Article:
Jovi De Croock

Software Engineer

Unreliable vendors

Throughout my careers I have had to deal a lot with vendors, be that infrastructure, services, ... and one thing shines through, when you rely on someone else it is best to assess the impact of said vendor and have your contingency plans.

This post is in no way shape or form intending to talk about any vendor, it will mainly be an attempt to convey my perspective on how I have dealt with the issue of Unreliable vendors. When you are running a service, it's easy to shift blame to your vendor for being down or introducing a bug but you are responsible for the choices of your product. Let that sink in, we can't just shift accountability to a third party.

Reduce impact

One of the most important things would be reducing the impact of a third party having downtime. When my billing provider is down should unrelated API Calls that happen to have a level of overlap go down? No, they really shouldn't we should optimise for providing service without that x% of our API surface not working.

In the GraphQL world this could be done by i.e. having that part of the API response be nullable and providing an appropriate GraphQLError to highlight that billing is currently not available.

Reducing impact is ofcourse not possible for every vendor, if your infrastructure goes down well... You can convey that to your user but the impact will be hard to reduce.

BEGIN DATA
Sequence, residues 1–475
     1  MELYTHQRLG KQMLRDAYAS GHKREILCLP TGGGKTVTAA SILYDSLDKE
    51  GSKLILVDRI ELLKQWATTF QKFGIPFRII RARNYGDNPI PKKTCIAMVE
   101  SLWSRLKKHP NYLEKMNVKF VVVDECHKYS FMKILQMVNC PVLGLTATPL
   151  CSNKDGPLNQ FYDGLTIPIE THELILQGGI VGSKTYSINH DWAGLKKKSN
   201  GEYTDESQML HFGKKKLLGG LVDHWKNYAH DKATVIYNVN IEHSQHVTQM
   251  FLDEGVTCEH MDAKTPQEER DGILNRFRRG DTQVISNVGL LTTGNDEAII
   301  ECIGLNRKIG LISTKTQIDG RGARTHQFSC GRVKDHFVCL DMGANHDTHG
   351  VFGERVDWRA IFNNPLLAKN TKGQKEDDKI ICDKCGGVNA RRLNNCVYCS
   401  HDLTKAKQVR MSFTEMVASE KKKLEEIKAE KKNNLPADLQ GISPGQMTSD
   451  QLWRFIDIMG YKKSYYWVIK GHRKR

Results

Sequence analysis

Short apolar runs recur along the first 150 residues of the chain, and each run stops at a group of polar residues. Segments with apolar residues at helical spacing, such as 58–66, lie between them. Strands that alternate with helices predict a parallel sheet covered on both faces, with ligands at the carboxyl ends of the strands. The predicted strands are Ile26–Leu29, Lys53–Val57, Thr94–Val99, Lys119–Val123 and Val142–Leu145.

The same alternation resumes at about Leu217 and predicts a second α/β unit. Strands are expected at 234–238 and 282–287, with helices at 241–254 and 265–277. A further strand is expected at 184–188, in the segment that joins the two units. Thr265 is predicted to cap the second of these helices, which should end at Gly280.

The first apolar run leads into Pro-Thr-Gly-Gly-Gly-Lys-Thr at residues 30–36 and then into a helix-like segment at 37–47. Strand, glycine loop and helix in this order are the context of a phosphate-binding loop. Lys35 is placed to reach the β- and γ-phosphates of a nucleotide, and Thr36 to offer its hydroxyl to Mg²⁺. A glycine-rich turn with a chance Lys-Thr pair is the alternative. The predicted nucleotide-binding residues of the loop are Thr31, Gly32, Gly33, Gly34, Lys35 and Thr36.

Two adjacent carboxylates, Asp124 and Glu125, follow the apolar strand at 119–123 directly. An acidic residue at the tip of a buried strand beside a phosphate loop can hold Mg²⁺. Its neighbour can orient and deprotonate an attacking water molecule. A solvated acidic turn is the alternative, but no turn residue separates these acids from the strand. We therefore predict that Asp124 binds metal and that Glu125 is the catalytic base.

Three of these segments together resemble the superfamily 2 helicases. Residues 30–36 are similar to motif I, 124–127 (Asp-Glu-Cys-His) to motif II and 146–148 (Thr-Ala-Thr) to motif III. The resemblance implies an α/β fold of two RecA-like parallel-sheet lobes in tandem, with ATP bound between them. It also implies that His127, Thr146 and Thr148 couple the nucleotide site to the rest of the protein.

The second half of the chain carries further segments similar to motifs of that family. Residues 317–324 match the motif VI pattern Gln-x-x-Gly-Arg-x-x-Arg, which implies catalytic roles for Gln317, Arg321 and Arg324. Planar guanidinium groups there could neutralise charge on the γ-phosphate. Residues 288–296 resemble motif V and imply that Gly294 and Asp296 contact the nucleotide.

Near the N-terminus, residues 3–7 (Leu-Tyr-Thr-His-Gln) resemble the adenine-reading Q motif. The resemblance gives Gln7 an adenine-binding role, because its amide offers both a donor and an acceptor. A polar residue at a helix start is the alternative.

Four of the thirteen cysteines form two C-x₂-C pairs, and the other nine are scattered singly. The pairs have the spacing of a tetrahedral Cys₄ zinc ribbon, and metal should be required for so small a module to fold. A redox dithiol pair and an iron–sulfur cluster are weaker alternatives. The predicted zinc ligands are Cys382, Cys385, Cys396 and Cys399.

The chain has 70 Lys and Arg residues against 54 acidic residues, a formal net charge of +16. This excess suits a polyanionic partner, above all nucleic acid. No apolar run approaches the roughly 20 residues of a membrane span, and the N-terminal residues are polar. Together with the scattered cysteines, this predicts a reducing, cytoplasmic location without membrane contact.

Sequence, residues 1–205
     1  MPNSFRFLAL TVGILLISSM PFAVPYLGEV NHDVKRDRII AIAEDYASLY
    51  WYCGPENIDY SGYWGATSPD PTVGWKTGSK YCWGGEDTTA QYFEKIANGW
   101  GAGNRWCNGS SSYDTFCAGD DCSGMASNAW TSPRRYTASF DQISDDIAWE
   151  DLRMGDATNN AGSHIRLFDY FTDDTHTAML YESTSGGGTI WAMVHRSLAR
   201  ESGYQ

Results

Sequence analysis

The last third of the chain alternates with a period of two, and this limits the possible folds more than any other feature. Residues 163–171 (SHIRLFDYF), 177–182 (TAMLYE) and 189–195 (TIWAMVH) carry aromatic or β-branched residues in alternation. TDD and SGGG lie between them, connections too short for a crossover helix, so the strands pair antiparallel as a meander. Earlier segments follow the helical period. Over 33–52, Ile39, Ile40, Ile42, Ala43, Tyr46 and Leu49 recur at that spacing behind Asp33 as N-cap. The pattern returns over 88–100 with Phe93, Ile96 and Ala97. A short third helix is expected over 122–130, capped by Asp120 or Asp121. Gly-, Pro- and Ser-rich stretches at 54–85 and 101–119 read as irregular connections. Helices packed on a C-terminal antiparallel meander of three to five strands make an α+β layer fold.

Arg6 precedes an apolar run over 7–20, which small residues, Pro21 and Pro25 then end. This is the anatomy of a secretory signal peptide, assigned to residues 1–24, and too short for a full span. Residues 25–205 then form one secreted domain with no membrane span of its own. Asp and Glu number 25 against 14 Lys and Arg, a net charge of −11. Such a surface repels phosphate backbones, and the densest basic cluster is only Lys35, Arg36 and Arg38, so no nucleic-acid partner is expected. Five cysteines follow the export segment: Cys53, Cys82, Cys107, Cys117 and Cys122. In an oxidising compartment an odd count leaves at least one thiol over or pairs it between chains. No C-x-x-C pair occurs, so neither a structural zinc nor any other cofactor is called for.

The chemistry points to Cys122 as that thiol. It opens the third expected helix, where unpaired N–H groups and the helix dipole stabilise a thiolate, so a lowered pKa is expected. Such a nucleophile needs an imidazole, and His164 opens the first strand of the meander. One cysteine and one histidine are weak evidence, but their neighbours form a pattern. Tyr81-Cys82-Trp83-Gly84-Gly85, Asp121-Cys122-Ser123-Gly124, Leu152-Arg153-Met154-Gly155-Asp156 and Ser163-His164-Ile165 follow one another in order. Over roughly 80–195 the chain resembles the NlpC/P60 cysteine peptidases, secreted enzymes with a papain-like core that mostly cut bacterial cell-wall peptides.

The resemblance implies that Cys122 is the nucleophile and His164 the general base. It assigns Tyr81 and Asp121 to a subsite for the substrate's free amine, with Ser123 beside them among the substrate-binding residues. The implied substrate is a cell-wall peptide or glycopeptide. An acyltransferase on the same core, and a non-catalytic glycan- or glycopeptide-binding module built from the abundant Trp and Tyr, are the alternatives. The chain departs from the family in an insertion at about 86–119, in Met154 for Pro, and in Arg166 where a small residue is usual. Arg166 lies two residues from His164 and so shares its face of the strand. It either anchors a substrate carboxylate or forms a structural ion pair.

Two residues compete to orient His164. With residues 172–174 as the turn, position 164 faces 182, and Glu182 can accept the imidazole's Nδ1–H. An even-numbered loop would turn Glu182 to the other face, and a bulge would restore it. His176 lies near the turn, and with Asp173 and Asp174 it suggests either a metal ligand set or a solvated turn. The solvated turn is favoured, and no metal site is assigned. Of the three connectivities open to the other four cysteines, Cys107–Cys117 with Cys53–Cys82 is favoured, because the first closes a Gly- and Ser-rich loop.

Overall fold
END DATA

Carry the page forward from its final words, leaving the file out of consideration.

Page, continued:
Another common thing might be having a fallback, a slower read-only database or another infrastructure provider deployed in parallel that just requires a DNS switch. A lot of these things can be controlled with little switches and should be as automatic as possible.

One example of this could be that you have a distributed KV store that sometimes goes down, when it does go down you fallback to some blob storage like S3 to get the data you need... Yes it will be slower but your customers won't be impacted.

A fallback will be a tradeoff to ensure resilience and create uptime guarantees.

Optimise for reproduction

One last thing we can do is optimise for reproduction, a vendor does not neccesarily go down... They might just introduce a bug in their systems which introduces unexpected interactions. For this case I have personally started thinking about optimising for reproductions.

It's very hard to contextualise what kind of customer you are, are you doing the most basic thing with their software or are you living on the bleeding edge. Are you the only one impacted by a certain issue or are more people affected but is just not that much of a problem for them?

In whatever bucket you fall here, optimise for reproduction, try to have some tool that generates all of the contact points with the third party provider so you can give all of the URL's, SDK calls,.. to their support team to show the issue.

For infrastructure providers I feel this is really crucial, being able to either spin up some piece of infrastructure that highlights the behavior in isolation is crucial for them to understand what part of their (distributed) system is buggy.

None of this is easy and building for resilience takes deep knowledge of what you're building and what your most critical pieces are but... It's better than having to blame your vendors at every incident.

All of this doesn't need to be isolated to vendors, heck optimising for reproduction might as well be applied to open-source.